Here's How Much You Can Actually Drink On New Year's Eve If You're Breastfeeding, According To Science
You're a new mom, which means you've been doing hard work since your baby's arrival. For a lot of new mothers, this also means you've been breastfeeding. Now, it's coming up on New Year's Eve, you've somehow managed to get a babysitter and a reservation at the chillest party in town, and you'd love nothing more than to share quiet conversation and some drinks with your friends. However, you're worried about your breast milk. Is it safe to drink and nurse? If you're wondering, here's how much you can actually drink on New Year's Eve if you're breastfeeding.
The research has been all over on this subject lately. For years, we only had data about drinking during pregnancy, and drinking while breastfeeding was just an afterthought. Alternatively, old wives' tales encouraged breastfeeding mothers to drink dark beer to increase their milk supply and to relax their efforts. The evidence has been wishy-washy at best. Now, recent scholarship has argued that even if a mother is drinking fairly heavily — about four drinks in a period of an evening — only a nominal amount of alcohol, not even enough to be clinically relevant, makes it to the baby. Although, the American Academy of Pediatrics (AAP) still stands by their recommendation to no more than 0.5 grams of alcohol per kilogram of body weight in an evening, and to wait two hours after imbibing to feed or pump.
The AAP's caution makes a lot of sense. Even with buckets of research into the dangers of drinking while pregnant, there have only been a few handfuls of studies completed on the dangers of drinking while breastfeeding, and because the research is so tricky to complete — both ethically and honestly — many of these studies are basing their research on other completed studies. Studies can be flawed — that's why there's such a rigorous peer-review process. Even after that, there are simply many factors that can shift the outcomes that the researchers hadn't thought of when designing the study.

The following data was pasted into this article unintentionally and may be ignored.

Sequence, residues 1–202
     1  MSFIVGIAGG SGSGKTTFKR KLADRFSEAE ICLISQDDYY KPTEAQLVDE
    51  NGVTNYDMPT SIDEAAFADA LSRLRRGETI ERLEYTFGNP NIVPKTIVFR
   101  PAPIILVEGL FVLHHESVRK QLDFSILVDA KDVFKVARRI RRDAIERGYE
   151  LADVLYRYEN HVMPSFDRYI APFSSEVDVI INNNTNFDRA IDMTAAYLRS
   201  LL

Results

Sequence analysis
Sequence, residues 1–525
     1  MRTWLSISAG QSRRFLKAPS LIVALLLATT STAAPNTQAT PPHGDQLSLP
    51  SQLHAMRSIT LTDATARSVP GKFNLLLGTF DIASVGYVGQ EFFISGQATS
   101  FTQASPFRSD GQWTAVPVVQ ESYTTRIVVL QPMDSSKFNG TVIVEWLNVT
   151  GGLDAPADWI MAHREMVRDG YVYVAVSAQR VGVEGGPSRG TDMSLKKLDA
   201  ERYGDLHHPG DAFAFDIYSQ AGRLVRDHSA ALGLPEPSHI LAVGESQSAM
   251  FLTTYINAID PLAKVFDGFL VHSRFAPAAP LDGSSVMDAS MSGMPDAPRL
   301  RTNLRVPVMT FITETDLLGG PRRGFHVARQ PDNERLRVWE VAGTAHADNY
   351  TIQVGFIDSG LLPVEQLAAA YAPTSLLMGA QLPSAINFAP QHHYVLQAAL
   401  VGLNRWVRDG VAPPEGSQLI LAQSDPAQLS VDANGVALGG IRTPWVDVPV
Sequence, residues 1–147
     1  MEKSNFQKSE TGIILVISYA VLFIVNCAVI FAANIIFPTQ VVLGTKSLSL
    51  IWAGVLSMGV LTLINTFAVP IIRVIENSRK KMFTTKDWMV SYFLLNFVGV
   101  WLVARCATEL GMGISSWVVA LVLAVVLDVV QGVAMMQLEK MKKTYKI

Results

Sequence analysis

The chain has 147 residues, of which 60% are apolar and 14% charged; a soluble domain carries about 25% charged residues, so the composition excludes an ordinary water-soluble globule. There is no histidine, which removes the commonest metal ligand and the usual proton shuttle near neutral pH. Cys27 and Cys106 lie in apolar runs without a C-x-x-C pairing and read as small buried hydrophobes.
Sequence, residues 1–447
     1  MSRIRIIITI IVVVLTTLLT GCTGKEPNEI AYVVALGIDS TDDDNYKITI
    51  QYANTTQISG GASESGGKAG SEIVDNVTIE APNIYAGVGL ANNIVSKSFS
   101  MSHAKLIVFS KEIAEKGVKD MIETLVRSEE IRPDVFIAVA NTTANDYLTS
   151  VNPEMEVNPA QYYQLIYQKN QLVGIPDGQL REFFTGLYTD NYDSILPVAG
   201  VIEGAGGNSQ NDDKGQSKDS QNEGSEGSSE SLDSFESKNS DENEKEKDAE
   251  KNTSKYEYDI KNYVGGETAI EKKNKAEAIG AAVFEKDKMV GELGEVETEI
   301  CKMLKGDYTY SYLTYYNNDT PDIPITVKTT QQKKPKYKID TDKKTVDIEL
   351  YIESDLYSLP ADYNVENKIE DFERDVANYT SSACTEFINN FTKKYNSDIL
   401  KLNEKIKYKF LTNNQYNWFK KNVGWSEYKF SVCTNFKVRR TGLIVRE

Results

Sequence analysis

Websites like Kelly Mom and La Leche League tend toward caution as well, but with slightly looser restrictions. Their basic premise is "if you're sober enough to drive, you're sober enough to breastfeed." This is a fairly easy standard by which to judge your drinking for the night. I know that for me, a 150-pound woman who stands 6 feet tall, this is about 6 ounces of wine in a little over an hour. Any more than that, I'd be impaired.
Strangely enough, an Australian study found that the majority of the population of women who drink while breastfeeding are older, highly educated, and have a mean income of over $2,000 per week. They attribute the consumption of alcohol to this group as a combination of affordability, access, and assumption of consumption based on peer group. (A sort of "let's get drinks and talk this plan over," mentality.) The study found that even the babies of mothers who drank more than 14 drinks per week while breastfeeding did not see any adverse outcomes. However, they hypothesize that this has as much to do with the community most likely to drink that amount as it does anything else. It's a sad and simple fact that babies born to affluent mothers have a better shot at being breastfed for longer and performing better.
Alas, this fails to answer the question of how much you can actually drink during New Year's Eve if you're breastfeeding. While the recent literature indicates that you could probably get away with a lot more than what we've thought previously, until more studies say the same thing, it's best to go with the recommendations of the experts of the La Leche League and other outlets who suggest the "drinking/driving/breastfeeding" model. If you're sober enough to drive or operate heavy machinery, you're sober enough to breastfeed. So, about a drink per hour with food. Remember, pumping and dumping isn't a thing. Your breast milk is much like your blood in that alcohol is either there or it isn't, according to Kelly Mom. Pumping won't sober up your boobs via external mechanism. Drink responsibly and have a safe, healthy new year.
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